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For Allan, connecting the dots means spending a lot of time


out of the office, investigating new technologies and building bridges with other decision-makers who are equally focused on fostering Canadian competitiveness. “It’s about making sure you are collaborating across the divides,” she says, whether it’s with government, other busi- nesses, academics or environmentalists. Allan serves on the boards of many organizations, including


the C.D. Howe Institute, the Conference Board of Canada and MaRS Discovery District. She recently completed board terms for The Canadian Chamber of Commerce, where she served as chair, and the Canadian Council of Chief Executives (CCCE). John Manley, head of the CCCE and former deputy prime


minister of Canada, said Allan was tapped for key roles in his organization not only because of her high-profile position at GE, but also because of her experience running the Toronto Board of Trade. “She’s comfortable navigating within a large, complex corpo-


rate organization and also talking the language of the public,” he says. “She’s very effective as a communicator.” Allan is currently a leader of a CCCE initiative that brings to-


gether various groups seeking to ensure that Canadians have the job skills necessary to compete in the 21st century. One of her roles is to share insights from GE, which is world-renowned for its commitment to employee development. Another is to help find ways to define and measure investments in education and training. “She’s very personally engaged in the topic,” Manley says,


adding that she is a particularly effective panel moderator. “She uses her skills to engage our members, to animate the conversation.” William Robson, president and CEO of the C.D. Howe In-


stitute, has also seen her in action. As the chair of the institute’s Energy Policy Council, Allan is particularly good, he says, at jug- gling diverse agendas and focusing the discussion. “The Energy Policy Council members have a variety of back- grounds and all sorts of different day jobs and one of the things that is very positive about having Elyse as the chair is that she’s a great conductor of meetings where you’ve got people coming at things from different points of view,” he says. She’s able to keep strong personalities on track, he adds, and to understand “where the lines are” when it comes to the institute’s role in influencing public policy. Allan is also said to be skilled at understanding how to apply resources so that they can be most effective. She calls it “cutting through the noise and getting down to what matters.” While all this activity makes for a very busy work schedule,


Allan makes sure to carve out recreational time with her hus- band, Don, and grown son, Stuart. She likes to hike and ski, and she also golfs, “though not very well,” she admits. Fiction with


historical or geopolitical themes is her reading choice. But she also says she very much enjoys her work. “I came from a family that worked,” she says of her family,


which built and ran vacation rentals in a resort town in New Jersey. “We worked a lot, but we had fun doing it because we were all doing it together.” When she wasn’t changing sheets or cleaning rooms for the family business, she worked as a waitress to help put herself through school. So working hard comes naturally, as does her penchant for teamwork and collaboration. A love of travel and a willingness to venture out of her safe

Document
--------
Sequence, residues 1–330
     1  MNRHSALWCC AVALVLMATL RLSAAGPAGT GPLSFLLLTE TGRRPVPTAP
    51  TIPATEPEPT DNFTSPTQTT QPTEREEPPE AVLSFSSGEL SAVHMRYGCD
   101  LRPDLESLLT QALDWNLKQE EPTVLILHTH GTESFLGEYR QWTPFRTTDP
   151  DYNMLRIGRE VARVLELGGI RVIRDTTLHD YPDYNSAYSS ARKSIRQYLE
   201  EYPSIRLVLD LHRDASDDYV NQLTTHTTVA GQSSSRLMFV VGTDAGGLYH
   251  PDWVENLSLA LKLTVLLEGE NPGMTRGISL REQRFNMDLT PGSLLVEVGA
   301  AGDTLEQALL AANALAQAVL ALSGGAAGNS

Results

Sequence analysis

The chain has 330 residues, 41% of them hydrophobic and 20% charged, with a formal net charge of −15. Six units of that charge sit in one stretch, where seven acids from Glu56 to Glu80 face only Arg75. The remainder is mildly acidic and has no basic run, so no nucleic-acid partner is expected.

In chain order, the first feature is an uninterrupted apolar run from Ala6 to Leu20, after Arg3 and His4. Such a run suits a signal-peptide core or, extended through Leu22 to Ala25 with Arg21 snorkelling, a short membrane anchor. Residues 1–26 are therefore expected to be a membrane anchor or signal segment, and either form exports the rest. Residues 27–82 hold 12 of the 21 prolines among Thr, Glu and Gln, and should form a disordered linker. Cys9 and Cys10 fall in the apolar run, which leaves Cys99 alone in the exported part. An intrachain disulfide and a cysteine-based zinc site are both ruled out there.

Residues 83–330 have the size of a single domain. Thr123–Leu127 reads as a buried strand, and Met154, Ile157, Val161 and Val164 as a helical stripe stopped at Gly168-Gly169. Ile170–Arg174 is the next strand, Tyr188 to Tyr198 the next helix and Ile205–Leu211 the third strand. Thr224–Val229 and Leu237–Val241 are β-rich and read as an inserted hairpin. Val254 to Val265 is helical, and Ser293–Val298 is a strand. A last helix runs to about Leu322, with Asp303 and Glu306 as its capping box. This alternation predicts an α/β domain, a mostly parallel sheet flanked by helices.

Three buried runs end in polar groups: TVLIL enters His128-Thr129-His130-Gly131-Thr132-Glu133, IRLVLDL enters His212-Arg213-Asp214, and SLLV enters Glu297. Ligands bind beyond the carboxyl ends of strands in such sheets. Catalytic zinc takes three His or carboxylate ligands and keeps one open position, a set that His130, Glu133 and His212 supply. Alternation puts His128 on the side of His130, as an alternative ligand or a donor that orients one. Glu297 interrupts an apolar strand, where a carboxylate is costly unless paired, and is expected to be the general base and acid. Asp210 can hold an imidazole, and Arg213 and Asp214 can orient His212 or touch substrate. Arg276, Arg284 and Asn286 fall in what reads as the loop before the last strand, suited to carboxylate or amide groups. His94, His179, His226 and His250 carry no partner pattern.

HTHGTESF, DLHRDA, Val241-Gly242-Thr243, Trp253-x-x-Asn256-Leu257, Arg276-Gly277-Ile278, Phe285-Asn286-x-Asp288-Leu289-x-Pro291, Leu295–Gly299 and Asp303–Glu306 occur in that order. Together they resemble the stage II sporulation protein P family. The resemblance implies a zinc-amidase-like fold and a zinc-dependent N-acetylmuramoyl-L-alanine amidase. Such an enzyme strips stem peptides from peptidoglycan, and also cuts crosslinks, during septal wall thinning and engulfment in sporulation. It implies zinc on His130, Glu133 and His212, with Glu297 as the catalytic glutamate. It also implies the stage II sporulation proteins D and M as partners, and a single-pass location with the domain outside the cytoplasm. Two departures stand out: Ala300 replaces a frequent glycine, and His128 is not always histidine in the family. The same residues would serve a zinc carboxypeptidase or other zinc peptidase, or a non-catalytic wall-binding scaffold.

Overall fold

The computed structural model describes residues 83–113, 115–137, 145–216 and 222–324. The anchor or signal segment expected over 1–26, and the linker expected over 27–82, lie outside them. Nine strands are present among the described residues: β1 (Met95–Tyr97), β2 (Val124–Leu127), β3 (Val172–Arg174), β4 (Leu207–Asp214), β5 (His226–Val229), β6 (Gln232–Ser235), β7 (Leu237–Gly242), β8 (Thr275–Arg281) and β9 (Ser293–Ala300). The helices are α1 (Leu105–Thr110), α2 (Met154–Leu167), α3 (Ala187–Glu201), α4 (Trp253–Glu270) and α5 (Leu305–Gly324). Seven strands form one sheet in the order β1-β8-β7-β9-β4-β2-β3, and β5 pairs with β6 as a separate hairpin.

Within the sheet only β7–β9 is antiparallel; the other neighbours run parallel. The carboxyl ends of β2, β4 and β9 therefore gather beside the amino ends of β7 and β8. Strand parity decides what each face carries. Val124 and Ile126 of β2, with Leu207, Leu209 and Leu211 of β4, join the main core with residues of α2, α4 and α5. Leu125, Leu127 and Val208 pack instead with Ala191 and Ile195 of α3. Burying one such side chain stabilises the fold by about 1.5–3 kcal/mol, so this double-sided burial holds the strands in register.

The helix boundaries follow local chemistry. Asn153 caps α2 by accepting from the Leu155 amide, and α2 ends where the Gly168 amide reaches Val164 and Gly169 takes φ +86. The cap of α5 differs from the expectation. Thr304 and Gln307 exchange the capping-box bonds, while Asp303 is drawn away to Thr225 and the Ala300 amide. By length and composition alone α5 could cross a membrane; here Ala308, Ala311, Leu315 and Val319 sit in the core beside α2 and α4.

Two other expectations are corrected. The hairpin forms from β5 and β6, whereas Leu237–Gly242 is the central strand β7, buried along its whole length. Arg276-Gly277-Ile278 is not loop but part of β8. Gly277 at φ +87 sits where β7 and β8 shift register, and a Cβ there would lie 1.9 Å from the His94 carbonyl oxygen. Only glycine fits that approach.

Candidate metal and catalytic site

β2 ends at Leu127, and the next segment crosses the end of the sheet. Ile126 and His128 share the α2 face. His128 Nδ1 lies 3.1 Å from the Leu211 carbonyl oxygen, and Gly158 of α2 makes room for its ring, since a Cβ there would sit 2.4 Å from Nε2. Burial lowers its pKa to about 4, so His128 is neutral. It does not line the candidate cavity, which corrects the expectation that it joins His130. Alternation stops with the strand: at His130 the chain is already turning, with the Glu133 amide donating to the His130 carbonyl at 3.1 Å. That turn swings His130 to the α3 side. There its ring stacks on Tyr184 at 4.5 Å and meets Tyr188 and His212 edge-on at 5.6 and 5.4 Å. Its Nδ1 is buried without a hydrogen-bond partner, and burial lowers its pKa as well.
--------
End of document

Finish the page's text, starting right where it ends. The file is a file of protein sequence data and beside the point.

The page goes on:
zone and look beyond the obvious also serve her well in her current role. “You have to reach out and build those networks because innovation happens on the fringe,” she says. “So you’ve got to be out there on the fringe to see what’s coming.” Throughout the world, for example, innovators who aren’t necessarily familiar with the oilsands are making technological breakthroughs that have the potential to help reduce green- house gas emissions in Alberta. To find them, GE is working with Canada’s Oil Sands Innovation Alliance to hold contests to award those with the best ideas. Being a leader in this effort has given Allan a chance to see cutting-edge technology being de- veloped around the globe. The contest is why the employees of Guha Industries of Tamil


Nadu, India, a maker of refrigeration and heating equipment, are working to collaborate with GE Canada on an ammonia/ water heat pump to allow low-grade heat to be used in steam production and power generation, reducing fossil-fuel use. These people had never been to Alberta, Allan says, and had


no experience with heavy oil, but they were working on some- thing that could be applied by GE Canada. “There are a lot of people out there working on stuff relevant


to us, but if you don’t reach out, how do you know?” she says, switching seamlessly between the technical and the vernacular: “It’s really cool.” This type of project — one that searches the world in the spirit


of collaboration to find solutions to pressing problems — is something that Allan relishes and that makes good use of her innate curiosity, desire to expand her boundaries and highly developed communication skills. She likes to take advantage of GE’s Leadership Explorations program, which sets up experiences that put people into places and situations they might not be used to. “I go and I learn,” Allan says. “I keep myself in uncomfortable


places.” This attitude has served her well and is precisely what GE


needs to keep moving beyond its venerable past into the ever- changing future.


SUSAN SMITH is a Toronto-based freelance writer DECEMBER 2015 | CPA MAGAZINE | 31


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